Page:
Reviews of restaurants, pubs, hotels, and places to relax, shop, and meet away from the menace of piped music. The reviews are contributed by members of Pipedown: the campaign for freedom from piped music. Quiet corners was launched in June 2009. If you would like to contribute reviews, join Pipedown and help the fightback against Muzak.
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Near the canal. Reviewed 5 December 2013.
Has won many CAMRA awards. Real ale and interesting food. How we think pubs were in 'the good old days'.
Reviewed 20 November 2013. Near Covent Garden and Leicester Square Tube stations.
Was once on the site but the noise was turned on after Fullers bought it. Has now returned to peace and quiet.
Small friendly restaurant in Puglia, southern Italy.
Half-hidden in an alley just behind the Piazza della Indipendenza, the main square in the hill-town of Ostuni in Puglia, the Osteria La Candina claims to offer 'cucina tipica' (typical food). It is too modest. Its food is excellent though simple, like the somewhat subterranean restaurant itself. The staff are friendly and helpful and WILLING TO TURN OFF THE MUZAC WHEN ASKED – it's fairly soft anyway. (The magic phrase is 'può abbassare la musica, per favore?'). La Candine specialises in fish and seafood, both very good. So is the house wine.
Reviewed 7 October 2013. Near the tourist information office.
A 'proper' pub - no music, no gaming machines, no TVs but has good food, real ales and cider. It has a large garden.
Reviewed 3 October 2013. Close to Cannon Street station.
After a spell of intrusive music it has reverted to peace and quiet, except for the customers at commuting time.
This is a most agreeable, relaxed, muzac - free, dog - friendly pub, with Bill and Joan offering a range of excellent beers and modestly - priced home cooked food. Accommodation is also available. Its very existence is proof that life in this frenetic century is still worth living.
It looks like it is a big chain, and I have only been once to the branch near Russell Square (http://www.patisserie-valerie.co.uk/brunswick-centre.aspx).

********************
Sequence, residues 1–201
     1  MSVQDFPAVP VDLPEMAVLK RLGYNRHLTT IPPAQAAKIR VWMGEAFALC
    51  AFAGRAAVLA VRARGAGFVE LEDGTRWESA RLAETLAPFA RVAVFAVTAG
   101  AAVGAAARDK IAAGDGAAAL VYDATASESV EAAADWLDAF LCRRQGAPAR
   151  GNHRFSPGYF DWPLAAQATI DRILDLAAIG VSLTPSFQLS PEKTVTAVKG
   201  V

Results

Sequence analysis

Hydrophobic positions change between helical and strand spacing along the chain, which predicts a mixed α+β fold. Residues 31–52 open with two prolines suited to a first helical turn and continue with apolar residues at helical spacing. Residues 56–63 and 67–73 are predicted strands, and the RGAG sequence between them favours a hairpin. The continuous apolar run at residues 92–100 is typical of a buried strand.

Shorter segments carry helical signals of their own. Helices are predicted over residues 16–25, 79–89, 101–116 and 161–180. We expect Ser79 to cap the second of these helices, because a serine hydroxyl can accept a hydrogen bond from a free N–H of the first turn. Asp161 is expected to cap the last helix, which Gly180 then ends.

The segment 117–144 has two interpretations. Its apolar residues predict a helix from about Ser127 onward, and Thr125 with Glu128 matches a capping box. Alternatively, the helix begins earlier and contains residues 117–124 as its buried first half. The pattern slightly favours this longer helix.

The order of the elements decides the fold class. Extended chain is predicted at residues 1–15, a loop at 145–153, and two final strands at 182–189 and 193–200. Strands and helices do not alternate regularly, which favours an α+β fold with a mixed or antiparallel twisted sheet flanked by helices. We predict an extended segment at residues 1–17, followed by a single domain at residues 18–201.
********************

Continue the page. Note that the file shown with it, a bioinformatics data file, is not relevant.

My wife has been a big fan of this place for years, and I was suitably impressed. It specialises in cakes and ice creams, with generous portions and reasonable prices. It also does lunches and breakfasts.
There was no music when I visited, and the place is also on a plaza a fair distance from the nearest road.
This site has outside and inside seating - there is no music in either. The site is off a main road, however the road is reasonably far away and not particularly busy.
The barn contains a small free musuem, is walking distance to the sea, and is quite near to Horsey beach (a nice quiet sandy beach where you can see seals if you're lucky). You can also hire bikes from the barn.
See website for details - http://www.norfolkhistoricbuildingstrust.org.uk/projects/past/028_waxham....
I couldn't find the postcode, however the barn is easy to find - it is on the coast road between Sea Palling and Horsey, signposted and easibly visible from the road.
A nice range of lunches in a very pleasant setting
OS grid ref SX447668, on the corner of Chapel St pretty much at the centre of the village. Reasonably handy for Morwellham Quay mining museum.
The only slight worry is the presence of a juke box. However, stated policy is never to have piped music.
A small family-owned chain of 15 pubs in west/central Yorkshire, mostly older establishments that have been bought and demodernised.
Robert Stevens recommends this chain of pubs which are 'spartan in their furnishing' with decent but limited range of food and 'excellent beer'. Typical is the Brigantes at 144 Micklegate York YO1 6JX
In their words, all are ‘un-themed but all share several common features:-
A unique and welcoming ambience
A wide range of real ales from independent brewers
A fine selection of bottled & draught Continental beers
An extensive wine list
Good food prepared in-house
Daily and Sunday newspapers
Music-free bar areas in most taverns
Dogs are welcome